The National Committee for a Free Europe, Inc., later renamed the Free Europe Committee, Inc. (FEC), is incorporated in the State of New York. Ambassador Joseph Grew is the first Chairman and DeWitt Poole is the first President.
The FEC establishes a Committee on Press and Broadcasting, chaired by FEC Director Fred Altschul and including Edward R. Murrow and other prominent journalists. Robert Lang is appointed the first Director of Radio Free Europe (RFE).
Lang visits European countries, where he is impressed by the home-service approach of the Radio in the American Sector, Berlin (RIAS) but fails to obtain time for RFE on existing short wave transmission networks.
The Crusade for Freedom, Inc., is incorporated in the State of New York as an outreach and fund-raising arm of the FEC.
July 4, 1950
RFE conducts its first experimental broadcast in Czech. One year later, RFE is broadcasting in five languages to Eastern European countries behind the Iron Curtain.
The Institute for the Study of the USSR is established in Munich.
The American Committee for the Liberation of the Peoples of the USSR, later renamed the American Committee for Liberation (AMCOMLIB) is incorporated in the State of New York. Eugene Lyons is the first president.
RFE begins broadcasting from Munich
RARET, Inc. is established as a Portuguese corporation to own and operate RFE transmitters.
RFE begins short wave transmissions from Portugal.
Radio Liberation (later renamed Radio Liberty) begins broadcasting in Russian (and in ten other languages by the end of 1954).
RL begins transmitting from Taiwan to the eastern USSR.
RL begins short wave transmissions from Spain.
RFE establishes a West European Advisory Committee to provide European perspectives and facilitate ties with West European governments.
RFE’s headquarters are transferred from New York to Munich.
Senator Case officially recognizes CIA sponsorship of RFE and RL and proposes their continuation by open Congressional appropriation.
A majority of the Senate Foreign Relations Committee, lead by Chairman William J. Fulbright, oppose the Nixon Administration’s proposal to overtly fund and oversee RFE and RL through a public-private corporation. Overt public funding is provided on an interim basis
Congressional Research Service issues reports generally laudatory of RFE and RL
The Milton Eisenhower Commission, appointed by the President, recommends continuation of RFE and RL, with oversight by a new federal body, the Board for International Broadcasting.
Congress enacts the Board for International Broadcasting Act of 1973
The Board for International Broadcasting begins operations.
The RFE and RL corporations are merged into RFE/RL, Inc.
A bomb causes significant damage to the RFE/RL building in Munich. Communist secret police archives opened after 1989 indicated that the bombing was ordered by Romanian leader Ceausescu and organized by the terrorist Carlos the Jackal.
Legislation advocated since 1977 by Senator Pell and the BIB is enacted that abolishes the private Board of Directors of RFE/RL, Inc., and conveys management as well as oversight responsibilities to the BIB.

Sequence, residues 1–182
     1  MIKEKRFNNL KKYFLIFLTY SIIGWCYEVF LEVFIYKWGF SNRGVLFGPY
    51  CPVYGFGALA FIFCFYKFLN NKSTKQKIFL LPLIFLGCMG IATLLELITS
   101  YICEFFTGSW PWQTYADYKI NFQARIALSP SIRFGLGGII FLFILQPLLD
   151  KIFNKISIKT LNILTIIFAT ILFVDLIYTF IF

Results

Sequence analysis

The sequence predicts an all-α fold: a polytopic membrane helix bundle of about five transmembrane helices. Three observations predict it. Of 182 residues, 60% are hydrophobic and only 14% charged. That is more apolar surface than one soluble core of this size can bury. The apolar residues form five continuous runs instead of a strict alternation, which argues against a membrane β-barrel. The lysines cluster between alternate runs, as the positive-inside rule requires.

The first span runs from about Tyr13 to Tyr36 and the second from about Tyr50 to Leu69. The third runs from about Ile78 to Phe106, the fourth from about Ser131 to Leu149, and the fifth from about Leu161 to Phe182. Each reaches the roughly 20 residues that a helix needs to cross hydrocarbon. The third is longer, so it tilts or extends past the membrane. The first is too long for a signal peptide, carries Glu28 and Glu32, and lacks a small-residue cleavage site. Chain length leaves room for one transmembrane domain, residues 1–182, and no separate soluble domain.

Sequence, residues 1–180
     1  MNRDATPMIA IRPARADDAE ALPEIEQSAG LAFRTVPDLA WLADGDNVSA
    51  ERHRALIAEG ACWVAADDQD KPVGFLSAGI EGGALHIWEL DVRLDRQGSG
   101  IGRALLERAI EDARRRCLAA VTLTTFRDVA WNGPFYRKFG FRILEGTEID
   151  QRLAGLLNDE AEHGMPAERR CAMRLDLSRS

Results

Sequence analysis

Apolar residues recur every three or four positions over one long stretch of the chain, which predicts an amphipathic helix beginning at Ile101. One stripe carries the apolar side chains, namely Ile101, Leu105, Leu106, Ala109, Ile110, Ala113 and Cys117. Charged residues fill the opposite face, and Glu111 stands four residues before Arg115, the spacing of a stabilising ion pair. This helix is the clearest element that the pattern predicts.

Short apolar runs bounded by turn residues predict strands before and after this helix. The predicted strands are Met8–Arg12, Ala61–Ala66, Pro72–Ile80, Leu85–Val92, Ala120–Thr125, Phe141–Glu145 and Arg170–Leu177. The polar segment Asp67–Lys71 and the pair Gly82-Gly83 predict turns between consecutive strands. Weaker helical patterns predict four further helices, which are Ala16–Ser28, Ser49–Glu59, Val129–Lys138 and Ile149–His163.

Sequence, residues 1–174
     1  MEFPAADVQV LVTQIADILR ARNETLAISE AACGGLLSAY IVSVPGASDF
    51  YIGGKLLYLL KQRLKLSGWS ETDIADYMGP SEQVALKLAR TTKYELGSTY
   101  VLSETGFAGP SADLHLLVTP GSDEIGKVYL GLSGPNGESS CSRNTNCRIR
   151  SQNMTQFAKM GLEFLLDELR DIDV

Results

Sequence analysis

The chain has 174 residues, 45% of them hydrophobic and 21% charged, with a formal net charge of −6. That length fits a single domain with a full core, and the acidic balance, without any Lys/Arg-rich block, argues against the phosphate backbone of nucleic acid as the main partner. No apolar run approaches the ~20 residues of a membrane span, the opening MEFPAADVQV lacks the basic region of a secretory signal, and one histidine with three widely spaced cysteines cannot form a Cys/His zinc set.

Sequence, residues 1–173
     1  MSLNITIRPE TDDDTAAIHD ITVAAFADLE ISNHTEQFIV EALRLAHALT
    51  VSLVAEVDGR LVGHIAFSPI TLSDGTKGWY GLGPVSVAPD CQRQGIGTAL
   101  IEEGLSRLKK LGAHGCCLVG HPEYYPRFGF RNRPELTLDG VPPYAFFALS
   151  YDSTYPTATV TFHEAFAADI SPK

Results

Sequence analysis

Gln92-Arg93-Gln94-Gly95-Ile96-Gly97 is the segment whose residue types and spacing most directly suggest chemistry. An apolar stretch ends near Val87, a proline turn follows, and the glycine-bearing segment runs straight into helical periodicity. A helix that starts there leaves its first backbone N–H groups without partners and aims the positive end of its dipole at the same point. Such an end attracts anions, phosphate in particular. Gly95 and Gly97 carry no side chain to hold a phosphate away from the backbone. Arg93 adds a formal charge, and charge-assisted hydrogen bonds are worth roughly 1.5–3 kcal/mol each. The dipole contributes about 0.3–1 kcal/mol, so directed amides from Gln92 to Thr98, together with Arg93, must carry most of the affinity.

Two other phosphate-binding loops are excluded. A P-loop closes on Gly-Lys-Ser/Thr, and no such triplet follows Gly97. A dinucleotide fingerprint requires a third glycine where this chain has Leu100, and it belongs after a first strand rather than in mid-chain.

Following the election of a non-Communist government in Poland, RFE/RL and BIB officials visit Solidarity leader Walesa in Gdansk
RFE/RL opens it first East European Bureau in Budapest. Bureaus are soon established in Poland, Czechoslovakia, Bulgaria, and Romania.
With the breakup of the Soviet Union, Russian Federation President Yeltsin invites RFE/RL to establish a bureau in Moscow. Bureaus are soon established in most succession states of the USSR.
RFE/RL ends broadcasts to Hungary.
The Clinton Administration proposes merging RFE/RL into VOA. Opposition to this plan from Senator Joseph Biden and other Members of Congress results in continuation of a downsized RFE/RL without a research capability and with transmitter stations federalized under VOA.
Facing massive staff reductions, RFE/RL explores the offer of Czech President Havel and Prime Minister Klaus to relocate to Prague.
RFE/RL begins broadcasting to countries of the former Yugoslavia.
RFE/RL moves its headquarters from Munich to the former Czechoslovak Parliament building in Prague.
RFE/RL ends broadcasts to Poland.
RFE/RL begins broadcasting to Iran
, as mandated by the Congress, which passes legislation confirming RFE/RL’s continuing mission.
RFE/RL resumes broadcasting to Afghanistan
, terminated as mandated by the Congress ten years earlier after the Soviet withdrawal.
RFE/RL begins broadcasting to the North Caucasus.
Iraqi Dictator Saddam Hussein orders his agents to attack RFE/RL headquarters
, as revealed by the Czech Intelligence Service in 2009. A stockpile of smuggled weapons was in the Iraqi Embassy after the fall of Hussein's regime.
RFE/RL ends broadcasts
to Estonia, Latvia, Lithuania, Slovakia, Croatia, and Bulgaria.
RFE/RL ends broadcasts to Romania
to a modern broadcasting center in Prague.
RFE/RL begins broadcasting a Russian-language program to South Ossetia and Abkhazia.
RFE/RL launches Radio Mashaal
and begins broadcasting in Pashto to the Pashtun border region between Pakistan and Afghanistan.